I love you. I need you. But you are a fickle friend ….
How is it that on certain days, we wake up feeling deeply connected to our life’s purpose and utterly unstoppable in our resolve to manifest our vision when, on others, we are plagued with a self-doubt so deep and pervasive that we second-guess even our most mundane decisions?
Here’s an example of the unpredictability of my own struggle with confidence:
I have 17 solid years of experience successfully teaching yoga and 54 years of life experience, yet sometimes before a workshop or training, I still wring my hands, hyperventilate, and manage to convince myself that I don’t know what the hell I’m doing.
“Oh, my mind, be kind to me.”
Confidence is a delicate proposition that cannot be understood without humility. The right amount of the right kind of confidence yields fortitude and courage. It propels you, like a magnet, closer to your life’s purpose. Alternatively, confidence without humility results in an over-confidence that weakens you. It can obscure your connection to reality and threaten to turn you into a laughingstock.
Now, to be sure, you can cultivate a superficial sense of confidence in superficial ways, like conjuring up memories of past successes or drinking a cup of strong coffee (caffeine is a great, short-term confidence-builder!), but this doesn’t address the deeper mystery: how to get confidence to show up as more of a permanent, ongoing condition rather than an ephemeral, fly-by-night feeling.
To direct this quest, the fifth chapter of Ayurveda’s ancient text Charaka Samhita, offers us a clue:
Daily Routines (Dinacharya) that align us with Nature build character and confidence.
Or, as Aristotle so eloquently puts it:
“We are what we repeatedly do. Excellence, then, is not an act, but a habit.”
So, follow me on this as we break it down:
Habituation moves your mind into the field of confidence.
Confidence is what makes the mind firm.
The firmer the mind, the more readily and healthily it can connect to its instruments, the five sensory organs (eyes, nose, tongue, ears, and skin).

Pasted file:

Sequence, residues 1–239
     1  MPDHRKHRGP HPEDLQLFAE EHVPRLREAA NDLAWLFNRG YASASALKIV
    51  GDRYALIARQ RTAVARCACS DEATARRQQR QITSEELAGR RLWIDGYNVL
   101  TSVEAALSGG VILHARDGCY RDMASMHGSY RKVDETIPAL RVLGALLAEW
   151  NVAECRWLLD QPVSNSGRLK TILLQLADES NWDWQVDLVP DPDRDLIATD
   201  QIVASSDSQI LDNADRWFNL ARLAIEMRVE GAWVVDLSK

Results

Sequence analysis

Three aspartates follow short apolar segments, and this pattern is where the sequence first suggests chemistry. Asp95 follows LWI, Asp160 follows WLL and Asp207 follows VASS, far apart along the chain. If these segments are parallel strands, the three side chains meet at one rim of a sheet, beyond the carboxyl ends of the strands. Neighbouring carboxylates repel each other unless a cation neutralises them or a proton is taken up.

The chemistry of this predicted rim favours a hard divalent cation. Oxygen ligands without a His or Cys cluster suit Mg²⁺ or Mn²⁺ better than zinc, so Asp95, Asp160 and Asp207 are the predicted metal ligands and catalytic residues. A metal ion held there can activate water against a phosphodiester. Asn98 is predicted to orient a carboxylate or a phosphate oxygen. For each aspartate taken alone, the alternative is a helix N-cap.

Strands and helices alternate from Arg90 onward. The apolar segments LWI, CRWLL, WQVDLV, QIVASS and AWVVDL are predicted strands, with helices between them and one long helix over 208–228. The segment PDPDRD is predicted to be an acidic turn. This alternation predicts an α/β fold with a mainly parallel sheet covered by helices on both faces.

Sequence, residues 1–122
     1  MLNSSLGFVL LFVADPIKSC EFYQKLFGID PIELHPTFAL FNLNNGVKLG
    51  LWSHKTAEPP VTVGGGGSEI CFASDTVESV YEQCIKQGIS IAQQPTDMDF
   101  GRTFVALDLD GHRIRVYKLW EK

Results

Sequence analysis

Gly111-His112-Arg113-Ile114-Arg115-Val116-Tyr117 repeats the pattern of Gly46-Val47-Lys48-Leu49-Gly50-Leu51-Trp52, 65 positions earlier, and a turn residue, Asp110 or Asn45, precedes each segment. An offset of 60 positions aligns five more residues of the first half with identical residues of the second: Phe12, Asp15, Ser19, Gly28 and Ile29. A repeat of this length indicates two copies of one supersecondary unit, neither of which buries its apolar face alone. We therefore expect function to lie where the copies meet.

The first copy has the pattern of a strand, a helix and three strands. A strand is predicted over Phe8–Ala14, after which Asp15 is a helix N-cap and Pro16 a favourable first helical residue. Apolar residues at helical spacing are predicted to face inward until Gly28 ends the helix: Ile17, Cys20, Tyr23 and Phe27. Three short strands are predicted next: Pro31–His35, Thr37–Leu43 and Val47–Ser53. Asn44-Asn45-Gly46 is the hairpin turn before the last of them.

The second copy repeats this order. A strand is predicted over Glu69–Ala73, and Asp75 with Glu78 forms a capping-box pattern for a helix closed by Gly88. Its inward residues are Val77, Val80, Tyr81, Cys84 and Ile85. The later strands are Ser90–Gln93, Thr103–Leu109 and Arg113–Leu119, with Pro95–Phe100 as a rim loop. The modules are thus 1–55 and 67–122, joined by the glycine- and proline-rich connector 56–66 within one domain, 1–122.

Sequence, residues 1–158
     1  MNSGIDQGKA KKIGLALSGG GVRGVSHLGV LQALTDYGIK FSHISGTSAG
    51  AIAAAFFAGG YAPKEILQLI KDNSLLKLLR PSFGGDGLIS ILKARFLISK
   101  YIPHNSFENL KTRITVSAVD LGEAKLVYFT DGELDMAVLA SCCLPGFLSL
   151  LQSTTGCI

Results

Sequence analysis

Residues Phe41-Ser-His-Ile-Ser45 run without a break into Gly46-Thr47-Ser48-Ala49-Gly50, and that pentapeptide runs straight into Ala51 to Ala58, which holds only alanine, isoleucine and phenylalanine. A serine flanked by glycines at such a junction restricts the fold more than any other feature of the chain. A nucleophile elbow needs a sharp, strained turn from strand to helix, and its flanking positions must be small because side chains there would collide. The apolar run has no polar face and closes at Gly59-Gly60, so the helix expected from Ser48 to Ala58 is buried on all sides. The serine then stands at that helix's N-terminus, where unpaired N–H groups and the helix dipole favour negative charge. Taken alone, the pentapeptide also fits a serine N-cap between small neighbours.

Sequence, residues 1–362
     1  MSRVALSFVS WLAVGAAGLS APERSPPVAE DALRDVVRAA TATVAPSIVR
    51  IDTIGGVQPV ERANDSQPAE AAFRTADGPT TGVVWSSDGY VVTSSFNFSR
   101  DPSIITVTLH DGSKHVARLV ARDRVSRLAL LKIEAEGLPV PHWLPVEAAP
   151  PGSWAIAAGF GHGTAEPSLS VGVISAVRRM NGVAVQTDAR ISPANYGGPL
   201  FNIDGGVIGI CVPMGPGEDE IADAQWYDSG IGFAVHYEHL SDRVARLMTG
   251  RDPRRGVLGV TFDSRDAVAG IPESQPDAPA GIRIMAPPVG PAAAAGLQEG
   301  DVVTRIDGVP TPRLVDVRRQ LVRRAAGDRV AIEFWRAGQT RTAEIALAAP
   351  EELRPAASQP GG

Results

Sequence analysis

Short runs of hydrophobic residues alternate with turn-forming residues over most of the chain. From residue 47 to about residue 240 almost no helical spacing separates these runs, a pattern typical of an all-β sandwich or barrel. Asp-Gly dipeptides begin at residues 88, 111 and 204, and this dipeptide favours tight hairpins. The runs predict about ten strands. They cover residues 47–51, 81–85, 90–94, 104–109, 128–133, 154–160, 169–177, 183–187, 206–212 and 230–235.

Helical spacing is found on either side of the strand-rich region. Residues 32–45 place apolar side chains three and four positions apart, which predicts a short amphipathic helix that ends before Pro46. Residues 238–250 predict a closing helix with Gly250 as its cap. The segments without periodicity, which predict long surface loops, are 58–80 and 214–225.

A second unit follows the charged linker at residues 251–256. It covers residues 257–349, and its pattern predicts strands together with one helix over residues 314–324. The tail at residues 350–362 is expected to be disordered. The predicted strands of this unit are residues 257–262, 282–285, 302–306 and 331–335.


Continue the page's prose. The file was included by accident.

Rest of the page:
The more connected the mind is to the five sensory organs, the more capably they can do their job – to gain knowledge – and the more easily they will come under the control of the mind rather than being led all over the place, distracted, and not functioning optimally.
In other words, by doing something repeatedly, your memory becomes fixed to certain actions and will produce a sense of I KNOW THIS based on an experience of syncopation of mind and body. This is how confidence begins to build deeply and organically in a sustainable way.*
So let’s be more proactive with Confidence. Yes, a “rugged-individualist” approach to life sounds sexy and may work some of the time, but why not tap into that humility and lean on your best friend? Her name is Nature. And by cultivating a committed relationship with her through Dinacharya Habits, your source of Self-Confidence will migrate from surface to core.
And so will your Excellence.
P.S. Want to infuse a little Confidence into your yoga practice? Join Elena Brower and me for our co-taught Cultivating Confidence class on YogaGlo. Super inspiring!
*If this still sounds a little complicated, don’t worry!
Because on Saturday, October 29, at 9:00am PST, I am conducting a free tele-seminar event with my teacher/doctor, Dr. Jayagopal, to talk more about the history of Ayurveda’s Healthy Habits and how they can boost your own self-confidence. To learn more about this offering, click here for details.
This free event will also be a perfect introduction to my own signature Ayurveda course, Evolutionary Habits, which launches on February 2, 2017 for the fourth consecutive year! The ancient wisdom of Dinacharaya paired with the modern Science of Habit Change is a powerful 10-week game changer designed to create durable daily routines that sustain.
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